With thermal compensation, you can do pretty well. However, if the part's temperature changes during the measurement, then thermal compensation runs into problems. As long as the part's temperature is fairly constant during the measurement, you are set. You really only run into problems when you are trying to measure a very large part with significant accuracy. If the part is still hot from the previous operation and the inspection on the CMM takes a significant amount of time (allowing the part to cool), then your results will be inaccurate, and typical CMM software will not be able to compensate for thermal errors.

Competitors to the CMM are dedicated or hard gaging and laser/optical sensors. A big advantage of the CMM is its flexibility, which permits variations on the production line that hard gaging doesn't.

For traditional applications, the automotive sector is close to saturation with respect to CMMs. Thus, a good portion of the market is involved in replacing old systems or identifying new possibilities for employing CMMs in production.

One of the CMM's big pluses is that it is an excellent source for SPC (statistical process control) data. This is something that hard gages do not lend themselves to very well. CMMs also enable automation, reducing labor costs.

Software is a big issue with CMMs. They are being adapted for operations on the production floor, as opposed to just operating in the metrology lab. Throughput is probably the most limiting factor for the CMM. As they get faster, they will be used in more applications.

CMMs have really been coming into use on automotive production lines over the past 10–15 years. In the past, they have not been integrated directly into production lines. They are off on the side doing audit work for two major reasons. First is throughput. It's the bottom line for many high-rate production situations.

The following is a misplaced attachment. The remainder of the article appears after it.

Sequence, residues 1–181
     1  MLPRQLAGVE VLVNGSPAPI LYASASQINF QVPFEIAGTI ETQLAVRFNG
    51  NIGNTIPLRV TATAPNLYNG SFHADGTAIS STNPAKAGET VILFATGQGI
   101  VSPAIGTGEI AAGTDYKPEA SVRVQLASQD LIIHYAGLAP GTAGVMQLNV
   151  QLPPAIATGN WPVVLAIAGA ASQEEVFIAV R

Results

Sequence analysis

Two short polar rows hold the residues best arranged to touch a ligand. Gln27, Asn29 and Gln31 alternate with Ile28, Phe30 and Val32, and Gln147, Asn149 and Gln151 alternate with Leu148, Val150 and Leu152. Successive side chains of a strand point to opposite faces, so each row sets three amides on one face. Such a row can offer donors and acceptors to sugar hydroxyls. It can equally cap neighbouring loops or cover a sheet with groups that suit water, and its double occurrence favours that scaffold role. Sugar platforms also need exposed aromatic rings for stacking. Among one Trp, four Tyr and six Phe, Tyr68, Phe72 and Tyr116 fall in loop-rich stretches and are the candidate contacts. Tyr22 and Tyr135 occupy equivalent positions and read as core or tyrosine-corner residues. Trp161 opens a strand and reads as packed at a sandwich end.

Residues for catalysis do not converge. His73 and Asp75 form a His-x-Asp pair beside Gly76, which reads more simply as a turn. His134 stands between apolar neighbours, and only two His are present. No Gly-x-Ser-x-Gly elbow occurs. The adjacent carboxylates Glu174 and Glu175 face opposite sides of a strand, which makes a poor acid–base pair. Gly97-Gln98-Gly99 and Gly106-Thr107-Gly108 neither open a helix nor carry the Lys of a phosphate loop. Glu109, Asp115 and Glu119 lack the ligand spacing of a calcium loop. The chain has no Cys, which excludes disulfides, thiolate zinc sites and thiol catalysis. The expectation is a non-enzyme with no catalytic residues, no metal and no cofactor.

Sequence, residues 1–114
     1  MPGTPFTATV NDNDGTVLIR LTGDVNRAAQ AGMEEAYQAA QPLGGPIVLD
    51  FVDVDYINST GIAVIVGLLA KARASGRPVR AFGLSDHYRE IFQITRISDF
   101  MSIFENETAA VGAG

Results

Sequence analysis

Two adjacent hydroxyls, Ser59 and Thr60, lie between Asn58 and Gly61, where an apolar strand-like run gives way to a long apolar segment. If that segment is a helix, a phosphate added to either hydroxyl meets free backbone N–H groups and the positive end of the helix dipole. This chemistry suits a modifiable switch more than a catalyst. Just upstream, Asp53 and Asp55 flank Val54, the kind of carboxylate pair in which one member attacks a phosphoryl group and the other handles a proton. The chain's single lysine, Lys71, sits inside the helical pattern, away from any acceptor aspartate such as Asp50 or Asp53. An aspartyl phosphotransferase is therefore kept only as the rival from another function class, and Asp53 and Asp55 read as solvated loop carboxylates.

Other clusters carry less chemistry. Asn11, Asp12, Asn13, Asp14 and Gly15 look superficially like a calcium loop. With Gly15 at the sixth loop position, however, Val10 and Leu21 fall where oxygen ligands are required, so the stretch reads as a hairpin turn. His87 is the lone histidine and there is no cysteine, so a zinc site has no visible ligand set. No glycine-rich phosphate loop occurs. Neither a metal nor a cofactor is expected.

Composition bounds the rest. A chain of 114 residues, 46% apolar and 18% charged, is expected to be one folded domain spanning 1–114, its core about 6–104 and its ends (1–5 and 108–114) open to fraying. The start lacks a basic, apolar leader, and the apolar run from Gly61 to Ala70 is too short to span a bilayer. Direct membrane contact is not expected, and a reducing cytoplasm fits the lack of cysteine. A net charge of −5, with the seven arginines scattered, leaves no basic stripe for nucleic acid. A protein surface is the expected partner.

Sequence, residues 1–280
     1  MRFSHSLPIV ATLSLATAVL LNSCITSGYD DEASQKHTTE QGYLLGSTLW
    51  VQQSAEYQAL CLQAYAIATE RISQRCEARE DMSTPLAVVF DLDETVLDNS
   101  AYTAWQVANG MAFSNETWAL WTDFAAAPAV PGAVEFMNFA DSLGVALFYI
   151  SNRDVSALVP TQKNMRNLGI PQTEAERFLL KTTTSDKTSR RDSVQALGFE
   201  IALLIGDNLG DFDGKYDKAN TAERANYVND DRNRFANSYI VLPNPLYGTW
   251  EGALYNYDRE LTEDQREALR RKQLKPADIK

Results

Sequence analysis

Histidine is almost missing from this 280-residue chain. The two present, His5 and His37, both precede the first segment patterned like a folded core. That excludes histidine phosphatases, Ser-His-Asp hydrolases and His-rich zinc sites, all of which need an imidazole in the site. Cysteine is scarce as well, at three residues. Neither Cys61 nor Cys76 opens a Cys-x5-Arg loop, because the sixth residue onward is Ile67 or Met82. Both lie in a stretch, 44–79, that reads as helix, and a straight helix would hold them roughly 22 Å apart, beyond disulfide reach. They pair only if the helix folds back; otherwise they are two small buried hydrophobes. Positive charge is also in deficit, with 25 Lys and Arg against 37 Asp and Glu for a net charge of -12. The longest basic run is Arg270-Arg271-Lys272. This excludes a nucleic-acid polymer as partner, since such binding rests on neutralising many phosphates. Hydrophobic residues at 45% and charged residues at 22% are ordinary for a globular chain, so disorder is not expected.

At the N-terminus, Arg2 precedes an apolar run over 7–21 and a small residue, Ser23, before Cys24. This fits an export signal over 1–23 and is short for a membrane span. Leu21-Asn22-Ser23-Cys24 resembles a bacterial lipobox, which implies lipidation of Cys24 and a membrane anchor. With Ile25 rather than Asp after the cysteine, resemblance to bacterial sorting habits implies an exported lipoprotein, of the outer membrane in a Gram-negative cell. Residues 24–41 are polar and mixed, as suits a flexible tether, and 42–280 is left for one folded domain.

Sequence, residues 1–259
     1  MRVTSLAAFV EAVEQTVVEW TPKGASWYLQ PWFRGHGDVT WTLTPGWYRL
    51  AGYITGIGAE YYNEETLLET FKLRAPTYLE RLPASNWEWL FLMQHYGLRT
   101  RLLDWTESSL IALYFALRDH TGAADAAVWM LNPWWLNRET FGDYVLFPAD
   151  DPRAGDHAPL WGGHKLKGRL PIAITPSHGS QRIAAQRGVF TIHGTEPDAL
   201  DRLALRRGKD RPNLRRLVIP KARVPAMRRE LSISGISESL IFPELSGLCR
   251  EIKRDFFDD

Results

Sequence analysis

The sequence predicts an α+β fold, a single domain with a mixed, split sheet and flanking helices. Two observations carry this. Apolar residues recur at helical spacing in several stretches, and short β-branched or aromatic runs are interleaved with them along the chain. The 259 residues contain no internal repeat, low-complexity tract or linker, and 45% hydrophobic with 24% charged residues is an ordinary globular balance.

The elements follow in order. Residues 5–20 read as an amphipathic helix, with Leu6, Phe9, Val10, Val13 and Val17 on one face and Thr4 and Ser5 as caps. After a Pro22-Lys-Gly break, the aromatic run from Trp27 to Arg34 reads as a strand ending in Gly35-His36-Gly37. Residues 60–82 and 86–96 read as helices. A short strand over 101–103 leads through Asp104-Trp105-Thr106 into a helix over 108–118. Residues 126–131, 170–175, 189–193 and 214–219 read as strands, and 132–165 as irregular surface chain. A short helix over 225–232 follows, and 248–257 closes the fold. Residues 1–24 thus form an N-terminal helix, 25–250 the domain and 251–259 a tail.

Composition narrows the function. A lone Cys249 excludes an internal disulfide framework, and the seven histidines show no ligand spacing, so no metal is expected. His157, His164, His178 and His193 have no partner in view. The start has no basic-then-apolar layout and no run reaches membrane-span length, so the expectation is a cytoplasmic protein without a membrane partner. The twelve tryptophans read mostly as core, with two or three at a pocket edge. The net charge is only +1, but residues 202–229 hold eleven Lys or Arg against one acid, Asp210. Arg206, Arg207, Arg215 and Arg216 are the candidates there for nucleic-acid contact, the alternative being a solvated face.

Measuring powertrain components is a major use of CMMs in the auto industry. This is because powertrain components typically have higher precision requirements (1 µm for powertrain components vs. 0.1 mm [100µm]) for frame/sheetmetal components).

Powertrain components tend to be smaller than overall car frames and bodies. When inspecting a car, optical inspection devices or laser scanners may have the necessary accuracy capabilities, and they are faster than CMMs. Also, CMMs that are large enough to inspect entire automotive bodies are quite costly. CMMs are used to inspect the entire car body, or large sheet metal parts, but typically this is done during setup or on an audit basis, where speed and cost of the machine are not as critical, but accuracy is.

CMMs are capable of running "repeatability and reproducibility" studies in the same fashion as dedicated gages. This capability helps to link the capabilities and results of the CMM to those of the familiar dedicated gages.

A good example of flexibility might be in cylinder-diameter inspection of an engine block. With the high price of gasoline, four-cylinder engines are now more popular. However, down the road, producing more six and eight-cylinder engines may again become popular.

CMMs can be reprogrammed to inspect all of these types of engines. With hard gaging, new gaging has to be developed for the different engine types. And it has to be stored if you are not using it. With a CMM, you just store the program. CMMs are not completely flexible in nature, as they do need different fixturing for different parts. However, they are significantly more flexible than dedicated gages.

Computers run CMMs, so the data generated by the CMM (raw or processed) are already on a computer. Thus, the CMM can be used to provide reliable and automatic information for SPC. This is just starting to happen, and little SPC information is currently being directly garnered from CMMs. This is mainly due to the fact that this capability is rather new. However, as time progresses, manufacturers will find that SPC can be readily applied to CMM data, and this application area will take off. In fact, there is probably much more information in the CMM data than most manufacturers realize. With increased bandwidth and data storage capabilities in factories and in manufacturing global networks, there is no doubt that more and more of the data generated by CMMs will be put to good use.

Another benefit CMMs have is that they permit automation and reduce labor costs. They do need to be maintained, programmed, and monitored. So while some jobs are being lost, others are being created. However, the new jobs will require higher skill levels and they will be higher paying. This does remove lower-end jobs from the production system, and that tends to level the playing field with respect to production costs.